A Punter’s Perspective 24 — Q&A (John Schumann fields questions from the floor)

John Schumann and the Vagabond Crew

A Punter’s Perspective

Random observations on the wide, weird world of folk from the side of the stage

#24 Q&A (John Schumann fields questions from the floor)

First published in Trad and Now magazine,  March 2011

How an artist builds a rapport (or not) with their audience on stage has always fascinated me. Especially if it’s an artist whose work has become very familiar, I find the gaze wandering from the stage to the crowd. Gauging others’ reactions becomes the main game.

Not everyone makes the audience the main game. I’ve never seen Van Morrison perform live, but his self-confessed lack of focus on, or regard for, those watching is legendary. Just plug ‘”van morrison” audience disdain’ into a web search and read for yourself.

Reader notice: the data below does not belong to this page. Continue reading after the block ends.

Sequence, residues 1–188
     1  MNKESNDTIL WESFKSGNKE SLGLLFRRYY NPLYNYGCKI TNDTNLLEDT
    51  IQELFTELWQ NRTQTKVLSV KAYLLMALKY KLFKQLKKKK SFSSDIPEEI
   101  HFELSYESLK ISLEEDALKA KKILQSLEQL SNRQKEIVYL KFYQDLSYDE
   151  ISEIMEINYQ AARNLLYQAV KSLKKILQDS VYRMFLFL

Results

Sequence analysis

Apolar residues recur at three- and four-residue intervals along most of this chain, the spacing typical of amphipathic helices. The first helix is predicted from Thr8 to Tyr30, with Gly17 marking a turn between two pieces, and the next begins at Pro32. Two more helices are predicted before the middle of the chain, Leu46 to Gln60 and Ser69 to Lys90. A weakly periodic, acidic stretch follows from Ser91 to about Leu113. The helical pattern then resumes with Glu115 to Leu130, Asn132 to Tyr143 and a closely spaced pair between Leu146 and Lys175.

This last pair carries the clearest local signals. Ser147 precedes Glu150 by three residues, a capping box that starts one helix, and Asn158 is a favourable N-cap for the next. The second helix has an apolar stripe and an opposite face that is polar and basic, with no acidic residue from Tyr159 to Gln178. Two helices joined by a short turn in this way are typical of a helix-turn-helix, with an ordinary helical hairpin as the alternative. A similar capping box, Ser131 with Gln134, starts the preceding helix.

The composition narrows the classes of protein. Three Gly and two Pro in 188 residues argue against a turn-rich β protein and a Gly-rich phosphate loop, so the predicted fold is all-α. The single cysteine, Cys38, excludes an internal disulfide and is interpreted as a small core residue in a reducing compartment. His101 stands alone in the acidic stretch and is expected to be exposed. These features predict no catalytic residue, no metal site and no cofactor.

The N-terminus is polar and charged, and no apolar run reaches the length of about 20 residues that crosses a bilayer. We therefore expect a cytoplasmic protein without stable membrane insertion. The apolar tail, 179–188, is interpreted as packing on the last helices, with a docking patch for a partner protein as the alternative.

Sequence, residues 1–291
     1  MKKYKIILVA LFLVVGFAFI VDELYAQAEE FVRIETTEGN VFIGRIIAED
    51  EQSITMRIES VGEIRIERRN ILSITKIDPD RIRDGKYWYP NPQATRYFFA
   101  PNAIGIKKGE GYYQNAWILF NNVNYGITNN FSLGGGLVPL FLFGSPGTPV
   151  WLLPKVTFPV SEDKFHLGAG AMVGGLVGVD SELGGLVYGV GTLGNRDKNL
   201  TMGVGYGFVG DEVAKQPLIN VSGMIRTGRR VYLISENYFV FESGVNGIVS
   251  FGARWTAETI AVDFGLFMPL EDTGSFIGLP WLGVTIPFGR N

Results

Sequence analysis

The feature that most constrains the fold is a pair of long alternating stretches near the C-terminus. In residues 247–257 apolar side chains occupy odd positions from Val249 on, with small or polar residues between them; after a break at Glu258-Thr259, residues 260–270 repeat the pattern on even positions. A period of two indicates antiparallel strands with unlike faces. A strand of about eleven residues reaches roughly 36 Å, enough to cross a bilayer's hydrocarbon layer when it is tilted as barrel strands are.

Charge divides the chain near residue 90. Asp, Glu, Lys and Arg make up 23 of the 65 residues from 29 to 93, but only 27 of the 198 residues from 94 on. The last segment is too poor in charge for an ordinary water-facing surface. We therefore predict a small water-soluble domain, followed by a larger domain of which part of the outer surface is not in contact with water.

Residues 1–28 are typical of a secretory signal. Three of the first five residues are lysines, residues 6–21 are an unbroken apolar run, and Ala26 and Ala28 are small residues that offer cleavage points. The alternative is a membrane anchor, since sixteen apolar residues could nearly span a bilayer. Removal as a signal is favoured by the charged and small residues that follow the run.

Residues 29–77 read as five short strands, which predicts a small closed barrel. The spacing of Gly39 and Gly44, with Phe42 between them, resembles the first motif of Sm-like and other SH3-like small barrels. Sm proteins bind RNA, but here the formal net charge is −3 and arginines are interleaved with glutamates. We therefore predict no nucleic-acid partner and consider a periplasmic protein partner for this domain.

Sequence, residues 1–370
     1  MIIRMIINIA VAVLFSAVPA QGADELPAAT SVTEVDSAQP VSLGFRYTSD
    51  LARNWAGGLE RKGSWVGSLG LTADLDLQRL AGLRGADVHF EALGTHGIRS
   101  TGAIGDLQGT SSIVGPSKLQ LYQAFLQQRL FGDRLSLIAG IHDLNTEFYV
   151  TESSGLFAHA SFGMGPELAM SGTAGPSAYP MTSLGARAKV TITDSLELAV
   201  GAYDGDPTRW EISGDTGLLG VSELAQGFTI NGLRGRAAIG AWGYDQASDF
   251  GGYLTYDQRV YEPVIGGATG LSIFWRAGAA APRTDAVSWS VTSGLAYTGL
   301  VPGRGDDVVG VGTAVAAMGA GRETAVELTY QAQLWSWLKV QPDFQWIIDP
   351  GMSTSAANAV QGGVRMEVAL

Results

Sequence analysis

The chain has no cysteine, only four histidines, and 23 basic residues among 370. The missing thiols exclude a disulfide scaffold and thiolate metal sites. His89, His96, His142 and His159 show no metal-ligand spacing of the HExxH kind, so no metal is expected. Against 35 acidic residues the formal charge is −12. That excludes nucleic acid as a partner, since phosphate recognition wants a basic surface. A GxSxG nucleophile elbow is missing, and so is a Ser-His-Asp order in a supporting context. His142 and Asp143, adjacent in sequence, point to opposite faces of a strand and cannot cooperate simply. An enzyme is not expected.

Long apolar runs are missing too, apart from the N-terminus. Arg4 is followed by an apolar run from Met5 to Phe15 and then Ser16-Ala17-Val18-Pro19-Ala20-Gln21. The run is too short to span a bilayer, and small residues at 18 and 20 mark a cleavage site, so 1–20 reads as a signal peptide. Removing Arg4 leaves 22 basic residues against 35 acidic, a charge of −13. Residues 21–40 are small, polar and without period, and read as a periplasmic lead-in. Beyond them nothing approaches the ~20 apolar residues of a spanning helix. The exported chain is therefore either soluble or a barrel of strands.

On topic, I often recall a rock gig several years ago where two headline acts could only manage one complete, barely-coherent sentence between them that was roughly aimed in the direction of the paying punters. I left early and, passing one of the band cars, left a one-line critique in the dust on the rear windshield.

So I was doubly motivated to get along to a gig in Canberra last month that held a dual attraction. Firstly, it was two all-time favourite performers (John Schumann and Hugh McDonald, ex-Redgum, currently John Schumann and the Vagabond crew, parts thereof). The duo was joined by Alexander Stuart Black on fiddle, mandolin and vocals.

AND the gig was being promoted as incorporating a question and answer element, the brain-child of promoter Brian ‘Frog’ Harris of Songland, Tuggeranong. Frog had conscripted two local media personnel to facilitate the Q&A: City News editor (and long-time friend of Schumann’s) Ian Meikle, and ABC 666’s Genevieve Jacobs.

The Q&A concept has been used before elsewhere, but it was a first for this punter.

Ian Meikle had written a review of Redgum in the early days, which prompted them to invite Ian to have a beer with them. That was a quarter of a century ago, “… and John Schumann and I have never stopped having beers ever since”.